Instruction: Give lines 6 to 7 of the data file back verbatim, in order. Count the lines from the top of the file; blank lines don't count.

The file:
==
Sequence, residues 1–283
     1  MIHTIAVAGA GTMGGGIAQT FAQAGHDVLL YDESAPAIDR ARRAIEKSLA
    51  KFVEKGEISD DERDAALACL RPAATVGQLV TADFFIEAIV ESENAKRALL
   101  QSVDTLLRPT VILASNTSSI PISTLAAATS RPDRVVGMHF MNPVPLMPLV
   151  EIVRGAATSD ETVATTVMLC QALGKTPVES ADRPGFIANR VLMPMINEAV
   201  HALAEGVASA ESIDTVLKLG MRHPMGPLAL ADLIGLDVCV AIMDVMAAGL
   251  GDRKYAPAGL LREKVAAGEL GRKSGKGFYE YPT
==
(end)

   201  HALAEGVASA ESIDTVLKLG MRHPMGPLAL ADLIGLDVCV AIMDVMAAGL
   251  GDRKYAPAGL LREKVAAGEL GRKSGKGFYE YPT